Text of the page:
The Dust Bowl not only affect agriculture, it also had an impact on the economy. The economy in the 1930’s was only hindered, if not worsened, by the Dust Bowl. Farmers were already in deep trouble for overproduction, but the Dust Bowl made it even harder too sell their crops because they were underground. They could not sell their crops, hence, they could not pay their banks to keep their homes or even make profit (Rutherford, 1998).
Responding to a Cry for HelpThe Dust Bowl was basically an ultimate example of what could happen to an area when the climate was misunderstood, and poor farming practices were used. However, people became more aware out of this experience. Many preventative measures were taken to ensure that something of this magnitude would not occur again. These measures have consisted of everything from finding new water sources to taking better care of the soil to controlling the amount of topsoil blown away by the wind (Thompson, 1998, 297-299).
After it was discovered that the certain areas of the Great Plains did not receive as much rain as first thought, the farmers looked somewhere else for a source of water. Irrigation soon became an important means of providing water for the crops. The main source of irrigation for the Great Plains is the Ogallala Aquifer. The Ogallala Aquifer had been there all the time, but before the Twentieth Century the farmers lacked the technology to make use of it. Eventually they were able to dig wells deep enough. The first well was dug in 1911, and was less than 50 feet deep. However, the pump was invented which allowed for deeper wells, and greater flows of water. Eventually a form of irrigation called center pivot irrigation was developed. The idea was that the water was pumped out of the ground at one point in the middle of the field, and distributed by a sprinkler system that pivoted around the center point (Thompson, 1998, 297-299).
Shortly after the Dust Bowl had an impact on the nation as a whole, the government, under President Roosevelt, began to initiate a serious of measures aimed to cure the damages caused by the Dust Bowl. These programs also became part of his “New Deal” initiative.
One of the most famous projects started as a response to the Dust Bowl was the Tennessee Valley Authority, or the TVA. Like the most areas surrounding the Dust Bowl affected areas, the Tennessee Valley was hard hit by the sudden drought. The Tennessee Valley Authority was viewed as an opportunity to take natural resources to promote social and agricultural change. The TVA hired workers to construct multi-purpose dams, improve channels, teach soil conservation, and take on watershed reforestation project. The dams constructed by the TVA provided poor farmers and civilians with cheap electricity, flood control, and improved navigation of channels and rivers (Thompson, 1998, 297-299).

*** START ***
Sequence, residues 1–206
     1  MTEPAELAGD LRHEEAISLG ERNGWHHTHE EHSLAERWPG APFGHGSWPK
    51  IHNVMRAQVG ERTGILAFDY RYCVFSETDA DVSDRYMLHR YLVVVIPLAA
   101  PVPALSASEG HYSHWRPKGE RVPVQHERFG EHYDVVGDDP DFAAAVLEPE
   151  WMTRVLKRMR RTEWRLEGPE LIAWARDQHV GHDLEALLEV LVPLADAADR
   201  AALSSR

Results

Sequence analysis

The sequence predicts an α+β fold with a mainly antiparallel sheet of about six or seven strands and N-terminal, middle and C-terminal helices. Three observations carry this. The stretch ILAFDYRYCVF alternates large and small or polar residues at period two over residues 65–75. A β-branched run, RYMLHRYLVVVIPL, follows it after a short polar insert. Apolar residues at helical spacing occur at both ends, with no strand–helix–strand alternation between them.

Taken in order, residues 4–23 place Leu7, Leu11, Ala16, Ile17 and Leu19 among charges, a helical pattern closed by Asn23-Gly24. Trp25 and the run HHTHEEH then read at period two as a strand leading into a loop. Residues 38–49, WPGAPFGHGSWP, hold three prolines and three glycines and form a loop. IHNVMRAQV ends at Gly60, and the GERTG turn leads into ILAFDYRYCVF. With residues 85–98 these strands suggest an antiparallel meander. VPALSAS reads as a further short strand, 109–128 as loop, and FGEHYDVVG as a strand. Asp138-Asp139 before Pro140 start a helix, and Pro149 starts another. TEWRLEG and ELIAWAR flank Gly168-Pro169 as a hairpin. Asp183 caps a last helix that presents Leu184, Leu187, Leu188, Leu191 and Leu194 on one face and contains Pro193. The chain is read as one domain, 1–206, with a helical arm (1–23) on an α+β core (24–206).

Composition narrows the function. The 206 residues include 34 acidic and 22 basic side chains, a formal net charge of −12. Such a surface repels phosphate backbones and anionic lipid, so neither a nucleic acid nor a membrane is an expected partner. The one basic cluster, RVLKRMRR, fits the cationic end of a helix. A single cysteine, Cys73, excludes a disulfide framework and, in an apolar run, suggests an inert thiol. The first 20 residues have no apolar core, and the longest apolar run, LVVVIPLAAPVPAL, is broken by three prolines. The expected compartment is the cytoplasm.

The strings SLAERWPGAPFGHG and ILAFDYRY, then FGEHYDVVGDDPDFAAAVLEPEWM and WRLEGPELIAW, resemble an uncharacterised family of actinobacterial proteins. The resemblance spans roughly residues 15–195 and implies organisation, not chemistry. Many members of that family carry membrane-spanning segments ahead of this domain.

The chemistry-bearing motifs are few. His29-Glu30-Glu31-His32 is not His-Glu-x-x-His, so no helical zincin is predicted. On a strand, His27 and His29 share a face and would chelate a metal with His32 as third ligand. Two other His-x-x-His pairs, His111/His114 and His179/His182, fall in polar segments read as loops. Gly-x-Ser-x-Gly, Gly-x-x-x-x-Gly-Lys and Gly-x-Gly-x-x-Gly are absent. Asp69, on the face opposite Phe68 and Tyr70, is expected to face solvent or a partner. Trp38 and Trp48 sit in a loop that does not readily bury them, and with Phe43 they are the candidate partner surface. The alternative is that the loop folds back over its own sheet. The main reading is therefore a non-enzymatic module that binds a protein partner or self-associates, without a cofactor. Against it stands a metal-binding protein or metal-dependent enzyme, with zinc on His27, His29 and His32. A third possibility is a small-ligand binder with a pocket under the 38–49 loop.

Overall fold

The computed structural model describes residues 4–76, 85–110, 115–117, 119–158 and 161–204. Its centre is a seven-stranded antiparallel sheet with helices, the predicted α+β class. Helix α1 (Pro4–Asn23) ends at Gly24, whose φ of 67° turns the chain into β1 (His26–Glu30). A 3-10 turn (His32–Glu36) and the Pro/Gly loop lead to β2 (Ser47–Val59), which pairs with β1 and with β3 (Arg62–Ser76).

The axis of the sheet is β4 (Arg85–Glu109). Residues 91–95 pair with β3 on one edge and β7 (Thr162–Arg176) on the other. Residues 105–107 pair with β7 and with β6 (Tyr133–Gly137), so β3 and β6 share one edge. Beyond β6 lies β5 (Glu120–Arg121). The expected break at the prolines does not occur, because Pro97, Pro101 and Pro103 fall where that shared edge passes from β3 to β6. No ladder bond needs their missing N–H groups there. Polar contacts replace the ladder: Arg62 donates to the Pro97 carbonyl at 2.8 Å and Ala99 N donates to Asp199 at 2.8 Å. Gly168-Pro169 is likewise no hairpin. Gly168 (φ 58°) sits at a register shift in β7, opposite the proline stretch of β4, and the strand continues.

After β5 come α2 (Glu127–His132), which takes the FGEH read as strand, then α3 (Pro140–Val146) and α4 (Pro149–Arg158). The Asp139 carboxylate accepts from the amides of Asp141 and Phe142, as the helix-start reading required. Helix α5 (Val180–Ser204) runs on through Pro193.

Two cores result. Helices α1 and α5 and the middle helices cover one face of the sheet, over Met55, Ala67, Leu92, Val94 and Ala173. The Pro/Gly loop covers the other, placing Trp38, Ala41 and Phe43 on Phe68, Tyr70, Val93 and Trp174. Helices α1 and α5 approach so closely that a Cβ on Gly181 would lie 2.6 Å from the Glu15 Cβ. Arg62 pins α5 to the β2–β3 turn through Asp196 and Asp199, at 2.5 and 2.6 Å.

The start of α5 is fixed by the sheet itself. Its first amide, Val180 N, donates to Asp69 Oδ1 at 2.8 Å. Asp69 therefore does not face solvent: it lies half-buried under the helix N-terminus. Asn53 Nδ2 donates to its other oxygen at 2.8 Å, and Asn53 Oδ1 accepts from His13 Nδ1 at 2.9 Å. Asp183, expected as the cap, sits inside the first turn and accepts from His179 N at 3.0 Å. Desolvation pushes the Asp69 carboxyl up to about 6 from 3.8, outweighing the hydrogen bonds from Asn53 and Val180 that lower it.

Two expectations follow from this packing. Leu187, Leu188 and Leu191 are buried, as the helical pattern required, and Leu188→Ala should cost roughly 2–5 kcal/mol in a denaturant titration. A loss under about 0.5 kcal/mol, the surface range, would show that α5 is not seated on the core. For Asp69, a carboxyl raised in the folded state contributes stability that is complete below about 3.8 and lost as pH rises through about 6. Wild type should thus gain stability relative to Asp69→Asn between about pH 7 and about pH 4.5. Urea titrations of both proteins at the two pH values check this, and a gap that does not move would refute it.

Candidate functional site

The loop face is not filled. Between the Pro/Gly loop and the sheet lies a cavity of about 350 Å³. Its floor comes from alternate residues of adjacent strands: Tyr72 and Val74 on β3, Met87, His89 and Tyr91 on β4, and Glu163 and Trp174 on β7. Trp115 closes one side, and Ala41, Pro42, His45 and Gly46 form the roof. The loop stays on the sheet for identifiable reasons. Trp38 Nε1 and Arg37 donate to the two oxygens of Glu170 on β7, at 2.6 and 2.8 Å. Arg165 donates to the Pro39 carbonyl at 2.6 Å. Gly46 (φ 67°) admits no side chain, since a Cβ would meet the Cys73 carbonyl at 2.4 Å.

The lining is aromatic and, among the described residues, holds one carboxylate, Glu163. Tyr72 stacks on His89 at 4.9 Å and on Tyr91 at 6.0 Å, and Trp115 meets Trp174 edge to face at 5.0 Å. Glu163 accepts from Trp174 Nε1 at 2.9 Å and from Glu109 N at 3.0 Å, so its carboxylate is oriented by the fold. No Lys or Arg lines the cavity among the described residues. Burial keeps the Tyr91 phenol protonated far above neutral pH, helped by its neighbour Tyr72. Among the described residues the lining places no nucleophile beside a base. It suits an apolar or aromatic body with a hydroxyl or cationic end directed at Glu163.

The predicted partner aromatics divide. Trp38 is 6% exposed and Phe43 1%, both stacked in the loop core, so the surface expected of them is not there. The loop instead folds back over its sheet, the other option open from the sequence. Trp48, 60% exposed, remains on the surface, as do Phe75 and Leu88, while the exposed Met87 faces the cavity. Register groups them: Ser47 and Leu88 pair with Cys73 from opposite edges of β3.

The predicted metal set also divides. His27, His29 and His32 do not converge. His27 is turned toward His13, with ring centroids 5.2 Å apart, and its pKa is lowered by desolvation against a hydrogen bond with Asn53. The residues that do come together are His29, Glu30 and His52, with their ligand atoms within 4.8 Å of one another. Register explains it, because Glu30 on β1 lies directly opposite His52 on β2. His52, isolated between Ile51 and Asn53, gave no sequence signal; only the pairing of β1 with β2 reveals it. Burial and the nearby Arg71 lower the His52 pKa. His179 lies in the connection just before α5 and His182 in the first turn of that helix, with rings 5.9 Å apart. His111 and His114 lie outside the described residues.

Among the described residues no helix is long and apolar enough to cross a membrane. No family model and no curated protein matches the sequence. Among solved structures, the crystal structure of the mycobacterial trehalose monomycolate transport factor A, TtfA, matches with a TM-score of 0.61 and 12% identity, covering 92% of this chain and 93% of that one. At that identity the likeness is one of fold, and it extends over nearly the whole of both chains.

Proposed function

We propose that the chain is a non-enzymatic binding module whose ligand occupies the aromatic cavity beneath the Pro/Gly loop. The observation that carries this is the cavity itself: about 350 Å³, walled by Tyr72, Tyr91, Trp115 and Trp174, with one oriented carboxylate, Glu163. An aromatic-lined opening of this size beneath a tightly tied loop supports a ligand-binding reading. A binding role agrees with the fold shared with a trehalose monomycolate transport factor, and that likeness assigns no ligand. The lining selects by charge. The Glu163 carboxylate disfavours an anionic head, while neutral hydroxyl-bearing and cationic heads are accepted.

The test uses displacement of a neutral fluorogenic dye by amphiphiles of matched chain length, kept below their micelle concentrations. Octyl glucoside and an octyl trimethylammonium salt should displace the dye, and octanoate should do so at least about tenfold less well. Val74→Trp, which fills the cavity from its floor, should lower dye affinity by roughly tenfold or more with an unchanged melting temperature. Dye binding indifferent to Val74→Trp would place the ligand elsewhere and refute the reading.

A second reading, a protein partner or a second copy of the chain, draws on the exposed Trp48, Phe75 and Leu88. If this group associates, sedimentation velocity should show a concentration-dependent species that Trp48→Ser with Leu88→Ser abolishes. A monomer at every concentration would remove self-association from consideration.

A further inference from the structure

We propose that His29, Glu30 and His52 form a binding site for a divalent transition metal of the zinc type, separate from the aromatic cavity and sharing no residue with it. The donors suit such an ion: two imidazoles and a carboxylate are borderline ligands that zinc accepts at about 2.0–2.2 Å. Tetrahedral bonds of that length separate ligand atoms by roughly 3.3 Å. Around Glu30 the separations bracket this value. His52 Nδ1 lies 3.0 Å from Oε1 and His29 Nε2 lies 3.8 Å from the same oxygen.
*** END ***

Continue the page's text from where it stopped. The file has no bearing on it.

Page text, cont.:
The Dust Bowl taught farmers new farming methods and techniques. The 1930’s fostered a new era of soil conservation. Perhaps the most valuable lesson learned form the Dust Bowl – take care of the land. Droughts and winds still cause many problems, but most are averted and minimized with proper soil conservation. But one must ask themselves one question, will history repeat itself?Drought: TodayLos Angeles is currently in a dilemma. It is experiencing its very own drought. Since July 2006, downtown Los Angeles has received less than four inches of rain. This summer is expected to be hotter than last summer, which killed about one- hundred people last year from intense heat waves. This year’s drought is the driest in over 130 yeas in bookkeeping, which is worst than the drought that occurred in the 1970’s (Becerra, 2007).
However, we have learned, from the past, absolutely nothing. People who live actually use even more water than they did before they were told to try not use as much. The Department of Water and Power does not enforce its regulations that forbid watering of lawns during the day and no running car- washing hoses. Now, instead of a fine, the DWP send a violator a letter asking them politely to “consider” conserving water in the future. Recently, the mayor has asked us- Angelinians- to conserve water. That should help the problem (Morrison, 2007). That is why it is up to us to save our planet from the depletion of our remaining water sources- not the states.
Ways to Conserve WaterThe most important step in water conservation is that people must realize that they are in a crisis that demands the conservation of water. Without this, people will not have any incentive to conserve water because they would believe that it is trivial to do so.